Heading west, Arkansas Times comments that state and national politics are preventing prison reform, with ‘get tough on crime passions’ swelling at least once a decade. They write that in 2015 Arkansas spent $418 million on corrections, and that some past sponsors of the state’s harsh ‘three-strikes’ law are now regretting their past support for the measure.
On Wednesday, eclecta blog says that Michigan’s Republicans are ‘freaking out’ over the aforementioned Flint water crisis, and that we can tell that this is the case because they are trying to argue that the federal government has done little to address the crisis, while they – and the state’s Governor, Rick Snyder – have done a great deal.
Heading down to Indiana, Indy Politics reports this week that a bill which would have added sexual orientation to the state’s civil rights code has died in the state’s Senate.
In Illinois, Capitol Fax says that some of Governor Bruce Rauner’s reforms made to address the failed policies of past Governor Rod Blagojevich’s ‘reign of error’, such as new rules around construction tendering, will actually make even more of a mess.
Moving on to Minnesota, MN Progressive Project writes Wednesday that the state’s Republicans are ignoring the plight of out-of-work miners in the state by their lack of willingness to meet in a special session to extend $29 million in unemployment benefits to miners.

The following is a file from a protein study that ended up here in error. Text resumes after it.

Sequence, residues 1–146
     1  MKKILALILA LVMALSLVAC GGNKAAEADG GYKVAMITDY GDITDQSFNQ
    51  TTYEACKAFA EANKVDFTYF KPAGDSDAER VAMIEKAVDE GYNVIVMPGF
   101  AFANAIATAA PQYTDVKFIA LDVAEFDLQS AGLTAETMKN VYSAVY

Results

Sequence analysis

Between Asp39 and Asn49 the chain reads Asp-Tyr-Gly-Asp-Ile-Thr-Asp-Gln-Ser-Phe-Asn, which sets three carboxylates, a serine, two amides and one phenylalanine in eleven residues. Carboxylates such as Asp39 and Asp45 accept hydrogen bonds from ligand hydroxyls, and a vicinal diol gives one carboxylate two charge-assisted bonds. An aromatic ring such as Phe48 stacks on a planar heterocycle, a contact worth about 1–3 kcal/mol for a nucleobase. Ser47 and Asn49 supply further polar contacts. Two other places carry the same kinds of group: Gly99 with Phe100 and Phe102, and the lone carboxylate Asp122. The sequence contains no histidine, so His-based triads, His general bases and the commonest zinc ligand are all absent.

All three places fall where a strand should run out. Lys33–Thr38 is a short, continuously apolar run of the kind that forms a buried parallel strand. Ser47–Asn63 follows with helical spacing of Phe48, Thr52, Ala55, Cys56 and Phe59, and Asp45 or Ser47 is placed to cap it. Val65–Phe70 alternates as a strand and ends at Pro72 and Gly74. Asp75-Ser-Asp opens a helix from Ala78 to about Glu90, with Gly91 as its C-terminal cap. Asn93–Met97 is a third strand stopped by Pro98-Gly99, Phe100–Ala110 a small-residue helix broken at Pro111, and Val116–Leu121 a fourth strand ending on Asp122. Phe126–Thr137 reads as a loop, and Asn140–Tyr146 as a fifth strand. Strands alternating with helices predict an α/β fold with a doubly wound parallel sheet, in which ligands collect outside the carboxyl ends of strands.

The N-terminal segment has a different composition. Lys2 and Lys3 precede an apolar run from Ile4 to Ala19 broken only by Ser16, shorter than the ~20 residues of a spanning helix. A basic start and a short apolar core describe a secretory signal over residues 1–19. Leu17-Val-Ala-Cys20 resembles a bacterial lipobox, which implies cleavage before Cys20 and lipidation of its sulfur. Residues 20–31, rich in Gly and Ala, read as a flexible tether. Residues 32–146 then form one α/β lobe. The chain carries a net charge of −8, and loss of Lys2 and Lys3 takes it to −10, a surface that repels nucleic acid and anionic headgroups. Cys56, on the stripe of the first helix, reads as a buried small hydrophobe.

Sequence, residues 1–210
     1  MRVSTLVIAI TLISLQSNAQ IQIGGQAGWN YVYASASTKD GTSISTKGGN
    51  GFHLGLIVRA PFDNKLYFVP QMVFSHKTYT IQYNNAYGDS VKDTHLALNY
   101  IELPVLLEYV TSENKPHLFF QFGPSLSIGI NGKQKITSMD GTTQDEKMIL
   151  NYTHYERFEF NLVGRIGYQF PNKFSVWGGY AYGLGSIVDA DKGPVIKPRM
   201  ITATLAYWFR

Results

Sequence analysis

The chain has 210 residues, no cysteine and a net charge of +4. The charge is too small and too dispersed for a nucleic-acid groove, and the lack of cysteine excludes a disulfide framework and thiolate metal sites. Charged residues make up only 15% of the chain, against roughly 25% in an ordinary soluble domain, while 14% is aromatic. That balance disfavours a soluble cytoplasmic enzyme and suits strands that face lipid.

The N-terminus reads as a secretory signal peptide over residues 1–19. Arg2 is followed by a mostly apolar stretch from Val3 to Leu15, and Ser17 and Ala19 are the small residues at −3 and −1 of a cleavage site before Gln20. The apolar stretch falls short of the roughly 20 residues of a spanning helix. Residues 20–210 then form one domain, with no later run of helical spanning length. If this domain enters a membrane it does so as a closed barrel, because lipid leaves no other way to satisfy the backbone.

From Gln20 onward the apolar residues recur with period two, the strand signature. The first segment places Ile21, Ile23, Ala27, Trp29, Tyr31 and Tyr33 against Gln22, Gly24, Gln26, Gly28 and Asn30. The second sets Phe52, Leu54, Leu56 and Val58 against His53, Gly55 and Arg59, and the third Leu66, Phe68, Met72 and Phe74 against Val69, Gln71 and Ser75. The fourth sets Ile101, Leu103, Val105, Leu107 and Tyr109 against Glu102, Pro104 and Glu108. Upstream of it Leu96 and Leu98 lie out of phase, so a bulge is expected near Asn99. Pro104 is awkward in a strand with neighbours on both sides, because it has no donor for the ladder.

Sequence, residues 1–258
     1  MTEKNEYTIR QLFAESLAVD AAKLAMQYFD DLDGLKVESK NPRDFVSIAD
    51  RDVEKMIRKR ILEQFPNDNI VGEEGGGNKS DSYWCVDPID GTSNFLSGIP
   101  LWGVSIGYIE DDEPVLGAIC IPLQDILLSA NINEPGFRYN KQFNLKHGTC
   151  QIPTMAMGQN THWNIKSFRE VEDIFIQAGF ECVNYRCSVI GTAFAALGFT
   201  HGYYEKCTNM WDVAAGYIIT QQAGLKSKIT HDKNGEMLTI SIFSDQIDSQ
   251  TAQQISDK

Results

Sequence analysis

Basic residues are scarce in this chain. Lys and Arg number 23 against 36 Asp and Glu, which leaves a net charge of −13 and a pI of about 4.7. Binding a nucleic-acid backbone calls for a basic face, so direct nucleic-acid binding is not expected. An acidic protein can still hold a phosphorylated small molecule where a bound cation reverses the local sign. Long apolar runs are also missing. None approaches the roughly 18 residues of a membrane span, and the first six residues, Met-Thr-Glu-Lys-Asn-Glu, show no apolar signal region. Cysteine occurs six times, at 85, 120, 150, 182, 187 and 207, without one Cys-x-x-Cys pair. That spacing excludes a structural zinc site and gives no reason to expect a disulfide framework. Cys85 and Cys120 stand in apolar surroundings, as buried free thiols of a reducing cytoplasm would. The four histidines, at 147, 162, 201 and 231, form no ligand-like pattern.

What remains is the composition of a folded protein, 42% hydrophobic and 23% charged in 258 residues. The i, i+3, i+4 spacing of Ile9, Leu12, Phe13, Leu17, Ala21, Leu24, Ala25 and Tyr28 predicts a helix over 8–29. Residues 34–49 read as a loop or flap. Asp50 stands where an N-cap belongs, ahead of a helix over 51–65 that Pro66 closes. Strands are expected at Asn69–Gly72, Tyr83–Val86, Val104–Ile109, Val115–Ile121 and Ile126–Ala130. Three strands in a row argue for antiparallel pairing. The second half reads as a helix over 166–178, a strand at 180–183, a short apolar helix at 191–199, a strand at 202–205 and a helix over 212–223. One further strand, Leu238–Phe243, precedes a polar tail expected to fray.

Dakota Free Press argues that the South Dakota legislature is ‘bursting with bigotry’, in response to three bills before the State house which discriminate against the transgendered, including one which would assign school bathroom and locker rooms on the basis of biological sex at birth, and not by gender.
Heading north, Say Anything blog has the news that North Dakota is facing a budget shortfall of over $1 billion. The budget gap mostly comes from large reductions in sales and corporate income tax revenues.
West and Pacific
In the Centennial State this week, Colorado Peak Politics, says that the mainstream media hasn’t given the state GOP’s $15 million road funding proposals a ‘fair shake’. They write that the media have stated that the Republican plan threatens mass transit in Colorado, despite the fact that mass transit vehicles depend on roads as well.
Moving south, Progressnow NM says that the New Mexico Republican Party’s new jobs plan is a case of ‘I get a pay raise, you get a pay cut’. Profiling the plan, they write that it would repeal existing wage laws, lower the state’s minimum wage, and would give state legislators a raise.
Heading west to the Golden state, Fox & Hounds wonders if California legislators will have to wear patches on their clothes showing their largest donors. If the California is Not for Sale ballot initiative gets enough support, then they will. Staying in California, Flashreport has the news that the state’s pension contribution shortfall is now at least $15 billion per year.
Alaska has a dirty little secret, according to The Mudflats. What is it? People there actually love socialism, as evidenced by the number of Alaskans who benefit from government programs.
With the cost of living on the up, can teachers afford to live in Hawaii? Honolulu Civil Beat investigates.
Note: This article gives the views of the author, and not the position of USAPP– American Politics and Policy, nor of the London School of Economics.